(c)  Santo Stefano di Camastra

At Santo Stefano di Camastra the Good Friday procession is characterised by the rendition of two polyphonic songs by a group of singers that is still very united and alive in the transmission of the repertoire.



Santo Stefano di Camastra,

Good Friday 1999

(file wmv, 60", 1.15Mb)

Li parti di la Cruci (The stanzas of the Cross) a dialect song that tells of the immense pain of the Mother at her Son’s crucifixion – comprises nine stanzas (sestinas) one for each of the spears that pierce Mary’s heart. The singers, at each stop of the two fercoli (these are the typical supports of the saint’s statues in the town feasts), one is of the deposed Christ, the other of the Lady of our Sorrows, stop and form a circle to intone a sword, as the stanza is called. The procession, after stopping in front of all the churches and in the places where there used to be other places of prayer, ends inside the most important church of the town or village, known as the Chiesa Madre, where the group of singers intone the Stabat Mater.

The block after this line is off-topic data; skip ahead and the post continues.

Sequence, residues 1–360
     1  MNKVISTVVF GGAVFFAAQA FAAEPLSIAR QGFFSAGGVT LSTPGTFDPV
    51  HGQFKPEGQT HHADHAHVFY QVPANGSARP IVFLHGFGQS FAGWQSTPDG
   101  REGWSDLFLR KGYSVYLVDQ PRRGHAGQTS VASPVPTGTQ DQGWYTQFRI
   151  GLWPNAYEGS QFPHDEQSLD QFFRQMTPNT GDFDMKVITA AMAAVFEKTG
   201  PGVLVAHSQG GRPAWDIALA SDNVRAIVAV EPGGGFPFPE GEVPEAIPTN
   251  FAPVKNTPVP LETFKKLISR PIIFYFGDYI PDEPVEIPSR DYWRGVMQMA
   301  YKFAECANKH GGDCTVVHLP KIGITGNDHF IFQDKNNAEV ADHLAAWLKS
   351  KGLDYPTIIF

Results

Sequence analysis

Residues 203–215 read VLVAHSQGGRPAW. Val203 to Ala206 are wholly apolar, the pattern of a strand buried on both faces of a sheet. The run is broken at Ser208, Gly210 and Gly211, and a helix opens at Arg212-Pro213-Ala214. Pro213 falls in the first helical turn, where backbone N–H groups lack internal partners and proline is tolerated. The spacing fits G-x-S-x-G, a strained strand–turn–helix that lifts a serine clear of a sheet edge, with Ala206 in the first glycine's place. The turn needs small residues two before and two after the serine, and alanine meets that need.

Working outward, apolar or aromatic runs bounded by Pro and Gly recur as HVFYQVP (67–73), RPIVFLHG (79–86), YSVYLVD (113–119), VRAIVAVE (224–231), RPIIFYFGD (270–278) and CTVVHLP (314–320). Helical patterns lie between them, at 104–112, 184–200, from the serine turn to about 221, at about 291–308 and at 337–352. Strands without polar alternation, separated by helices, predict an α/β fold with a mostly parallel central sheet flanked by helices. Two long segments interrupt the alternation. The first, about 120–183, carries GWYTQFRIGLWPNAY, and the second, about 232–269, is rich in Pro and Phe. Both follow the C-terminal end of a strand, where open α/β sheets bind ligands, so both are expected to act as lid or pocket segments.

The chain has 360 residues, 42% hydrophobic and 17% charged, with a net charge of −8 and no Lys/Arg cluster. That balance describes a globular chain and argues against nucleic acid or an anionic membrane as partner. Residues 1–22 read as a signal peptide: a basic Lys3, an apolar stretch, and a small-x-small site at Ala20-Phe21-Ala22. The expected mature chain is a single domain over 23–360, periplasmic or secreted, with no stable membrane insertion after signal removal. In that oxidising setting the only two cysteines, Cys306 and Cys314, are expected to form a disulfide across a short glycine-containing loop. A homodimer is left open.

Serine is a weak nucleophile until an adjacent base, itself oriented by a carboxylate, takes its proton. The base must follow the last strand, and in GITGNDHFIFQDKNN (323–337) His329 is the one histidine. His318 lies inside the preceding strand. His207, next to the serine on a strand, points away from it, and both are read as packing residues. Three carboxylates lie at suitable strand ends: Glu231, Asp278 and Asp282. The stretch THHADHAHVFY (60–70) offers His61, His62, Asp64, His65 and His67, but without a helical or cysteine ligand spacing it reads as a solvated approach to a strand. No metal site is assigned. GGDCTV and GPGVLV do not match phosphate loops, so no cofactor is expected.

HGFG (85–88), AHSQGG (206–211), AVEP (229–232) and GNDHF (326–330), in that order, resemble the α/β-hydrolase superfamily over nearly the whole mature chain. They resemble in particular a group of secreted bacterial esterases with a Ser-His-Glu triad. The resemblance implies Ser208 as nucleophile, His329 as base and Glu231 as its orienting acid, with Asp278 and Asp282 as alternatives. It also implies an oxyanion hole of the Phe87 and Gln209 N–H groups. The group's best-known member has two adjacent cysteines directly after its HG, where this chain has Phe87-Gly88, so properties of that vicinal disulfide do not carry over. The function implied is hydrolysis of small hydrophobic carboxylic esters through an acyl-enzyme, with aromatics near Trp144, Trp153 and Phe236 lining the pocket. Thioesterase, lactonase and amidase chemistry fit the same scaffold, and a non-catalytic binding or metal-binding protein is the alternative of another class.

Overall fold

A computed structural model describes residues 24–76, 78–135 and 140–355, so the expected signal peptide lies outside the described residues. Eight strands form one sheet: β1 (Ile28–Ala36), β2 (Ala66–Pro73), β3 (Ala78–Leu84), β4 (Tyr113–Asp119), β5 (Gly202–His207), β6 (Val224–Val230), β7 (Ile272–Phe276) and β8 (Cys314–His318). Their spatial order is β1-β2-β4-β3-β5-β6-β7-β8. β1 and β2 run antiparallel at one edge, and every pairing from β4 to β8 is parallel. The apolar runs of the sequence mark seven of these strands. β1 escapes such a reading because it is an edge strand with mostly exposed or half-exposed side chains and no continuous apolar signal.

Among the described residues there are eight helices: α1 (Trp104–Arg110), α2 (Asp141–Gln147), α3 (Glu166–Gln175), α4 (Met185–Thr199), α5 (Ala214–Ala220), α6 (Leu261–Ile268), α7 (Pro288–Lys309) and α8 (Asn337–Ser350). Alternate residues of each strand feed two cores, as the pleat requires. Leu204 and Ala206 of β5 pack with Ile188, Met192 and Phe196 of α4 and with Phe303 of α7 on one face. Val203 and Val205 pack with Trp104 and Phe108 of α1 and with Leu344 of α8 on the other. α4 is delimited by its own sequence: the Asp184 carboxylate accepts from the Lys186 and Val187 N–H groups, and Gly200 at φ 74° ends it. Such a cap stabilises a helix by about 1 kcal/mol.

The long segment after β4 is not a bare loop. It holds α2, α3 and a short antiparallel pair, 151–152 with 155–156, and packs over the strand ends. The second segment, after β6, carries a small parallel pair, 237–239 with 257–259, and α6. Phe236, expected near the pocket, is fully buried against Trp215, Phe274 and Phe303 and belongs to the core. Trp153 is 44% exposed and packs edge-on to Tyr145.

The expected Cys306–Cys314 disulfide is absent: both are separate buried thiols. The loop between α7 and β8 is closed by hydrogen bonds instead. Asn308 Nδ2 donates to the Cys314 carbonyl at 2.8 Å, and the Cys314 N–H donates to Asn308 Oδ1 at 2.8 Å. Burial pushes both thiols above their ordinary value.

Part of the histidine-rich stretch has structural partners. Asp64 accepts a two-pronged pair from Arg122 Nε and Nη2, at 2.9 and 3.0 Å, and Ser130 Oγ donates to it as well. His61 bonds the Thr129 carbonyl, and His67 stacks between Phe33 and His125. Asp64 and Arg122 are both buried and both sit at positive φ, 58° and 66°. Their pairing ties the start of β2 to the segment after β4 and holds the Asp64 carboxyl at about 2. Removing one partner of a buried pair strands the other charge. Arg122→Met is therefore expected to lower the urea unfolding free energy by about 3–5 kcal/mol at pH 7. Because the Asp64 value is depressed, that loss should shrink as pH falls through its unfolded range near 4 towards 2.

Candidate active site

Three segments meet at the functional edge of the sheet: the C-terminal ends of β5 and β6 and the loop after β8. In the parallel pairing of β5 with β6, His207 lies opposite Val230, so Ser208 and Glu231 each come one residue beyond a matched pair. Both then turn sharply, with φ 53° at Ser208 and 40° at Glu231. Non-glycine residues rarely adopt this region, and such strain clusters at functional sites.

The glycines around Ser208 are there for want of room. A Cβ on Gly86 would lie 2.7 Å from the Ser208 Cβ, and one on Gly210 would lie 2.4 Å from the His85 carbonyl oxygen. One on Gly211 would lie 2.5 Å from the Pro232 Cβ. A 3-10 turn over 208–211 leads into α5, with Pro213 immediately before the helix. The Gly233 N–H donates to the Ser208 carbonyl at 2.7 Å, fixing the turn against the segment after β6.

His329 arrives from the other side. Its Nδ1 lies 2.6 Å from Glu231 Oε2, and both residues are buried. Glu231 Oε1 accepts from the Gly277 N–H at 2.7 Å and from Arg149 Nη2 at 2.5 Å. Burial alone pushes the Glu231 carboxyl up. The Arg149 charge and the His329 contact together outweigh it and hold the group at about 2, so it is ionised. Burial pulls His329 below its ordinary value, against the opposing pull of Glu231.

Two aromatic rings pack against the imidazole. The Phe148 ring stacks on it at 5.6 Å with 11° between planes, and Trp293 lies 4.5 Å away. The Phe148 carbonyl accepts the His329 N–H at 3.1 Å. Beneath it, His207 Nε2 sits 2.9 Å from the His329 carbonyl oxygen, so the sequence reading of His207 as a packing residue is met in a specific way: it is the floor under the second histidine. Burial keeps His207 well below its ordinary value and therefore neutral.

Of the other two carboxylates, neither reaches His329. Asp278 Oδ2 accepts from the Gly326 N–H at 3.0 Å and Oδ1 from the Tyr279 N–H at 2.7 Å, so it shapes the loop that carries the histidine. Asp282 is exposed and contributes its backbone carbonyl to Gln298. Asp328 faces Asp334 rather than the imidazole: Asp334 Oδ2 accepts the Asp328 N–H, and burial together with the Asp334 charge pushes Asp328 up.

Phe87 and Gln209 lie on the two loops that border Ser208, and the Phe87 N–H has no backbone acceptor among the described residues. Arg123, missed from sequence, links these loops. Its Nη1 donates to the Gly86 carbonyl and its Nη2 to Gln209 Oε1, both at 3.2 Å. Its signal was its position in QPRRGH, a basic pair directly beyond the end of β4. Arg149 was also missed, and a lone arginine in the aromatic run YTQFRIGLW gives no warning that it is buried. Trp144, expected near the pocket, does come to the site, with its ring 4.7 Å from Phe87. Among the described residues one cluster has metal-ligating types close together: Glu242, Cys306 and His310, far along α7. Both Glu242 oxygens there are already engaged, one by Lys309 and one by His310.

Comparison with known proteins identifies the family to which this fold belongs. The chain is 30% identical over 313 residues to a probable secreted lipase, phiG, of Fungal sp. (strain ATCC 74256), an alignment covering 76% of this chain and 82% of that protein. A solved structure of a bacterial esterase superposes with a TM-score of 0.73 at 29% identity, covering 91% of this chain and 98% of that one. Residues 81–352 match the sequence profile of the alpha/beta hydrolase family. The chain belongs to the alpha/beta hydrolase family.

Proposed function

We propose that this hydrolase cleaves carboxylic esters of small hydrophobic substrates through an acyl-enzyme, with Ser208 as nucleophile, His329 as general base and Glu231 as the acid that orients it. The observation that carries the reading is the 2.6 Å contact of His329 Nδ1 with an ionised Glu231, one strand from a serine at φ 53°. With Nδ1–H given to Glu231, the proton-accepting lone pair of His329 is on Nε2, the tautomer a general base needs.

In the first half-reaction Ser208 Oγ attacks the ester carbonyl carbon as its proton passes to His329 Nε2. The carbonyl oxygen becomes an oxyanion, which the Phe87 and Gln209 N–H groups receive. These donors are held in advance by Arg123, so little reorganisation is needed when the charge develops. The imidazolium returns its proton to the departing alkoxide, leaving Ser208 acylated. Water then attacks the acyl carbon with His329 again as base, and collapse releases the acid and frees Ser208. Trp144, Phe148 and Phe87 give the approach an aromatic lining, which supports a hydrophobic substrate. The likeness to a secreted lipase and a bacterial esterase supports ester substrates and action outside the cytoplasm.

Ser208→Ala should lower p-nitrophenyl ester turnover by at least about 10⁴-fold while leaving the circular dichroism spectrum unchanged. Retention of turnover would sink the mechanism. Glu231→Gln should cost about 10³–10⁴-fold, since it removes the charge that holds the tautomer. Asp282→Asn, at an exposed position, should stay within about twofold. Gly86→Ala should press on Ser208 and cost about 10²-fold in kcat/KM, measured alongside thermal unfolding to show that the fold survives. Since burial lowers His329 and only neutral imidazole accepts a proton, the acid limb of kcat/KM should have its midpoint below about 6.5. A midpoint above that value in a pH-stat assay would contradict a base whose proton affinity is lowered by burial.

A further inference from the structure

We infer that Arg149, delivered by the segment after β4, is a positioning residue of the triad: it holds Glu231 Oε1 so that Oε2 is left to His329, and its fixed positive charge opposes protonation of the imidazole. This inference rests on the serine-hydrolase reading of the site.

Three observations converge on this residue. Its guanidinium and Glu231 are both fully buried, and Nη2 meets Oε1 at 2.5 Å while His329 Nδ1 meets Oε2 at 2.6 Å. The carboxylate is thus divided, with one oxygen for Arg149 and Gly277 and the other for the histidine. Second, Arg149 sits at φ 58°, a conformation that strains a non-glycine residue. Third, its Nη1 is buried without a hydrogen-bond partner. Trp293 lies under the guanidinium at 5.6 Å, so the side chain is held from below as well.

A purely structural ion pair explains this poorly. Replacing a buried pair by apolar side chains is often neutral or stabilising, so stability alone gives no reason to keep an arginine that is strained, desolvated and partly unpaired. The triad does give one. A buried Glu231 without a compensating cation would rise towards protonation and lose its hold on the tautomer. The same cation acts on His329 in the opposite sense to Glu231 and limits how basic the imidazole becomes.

(text in dialect)

Stave dolorosa

 iu ' sta crucem lacrimosa

dummo pende Pater Filiu

(liturgical text)

Stabat Mater dolorosa

 Juxta crucem lacrimosa

dum pendebat filius



Stabat Mater (mp3 file)

The polyphonic structure is also in this case in three parts: voice A intones the whole melody; B intervenes upon the last phrase: the chorus, after the starting element, follows in parallel voice A at one third of distance except for at the end of the stanza, when there seems to be a dominant/tonic movement typical of the harmonic bass.

One notes, in the development of the main melody, a curious coming together of two musical linguistic levels that are very distant from each other in the adoption of the lexical elements, the first, rich in pauses, even long ones, of embellishments reminiscent of 19th century bel canto, which provides for a extreme dilation of the verbal text (the word "Ave" is intoned on 24 notes); the second, "Gregorian-like", which no longer has the rapid embellishments of the preceding ones in which the melody unwinds exclusively by linked degrees.

Even part of the chorus is adapted to this bilingualism: initially melodic, almost controcanto, it becomes, as previously said, a harmonic bass to which voice B is added, in support to a second chording part.

The chorus performs a single note, limiting itself to “tuning up” reinforcing in unison the finalis. The melodic line is performed within the range of a fifth making great use of the glissato in the ways already seen in Tusa.

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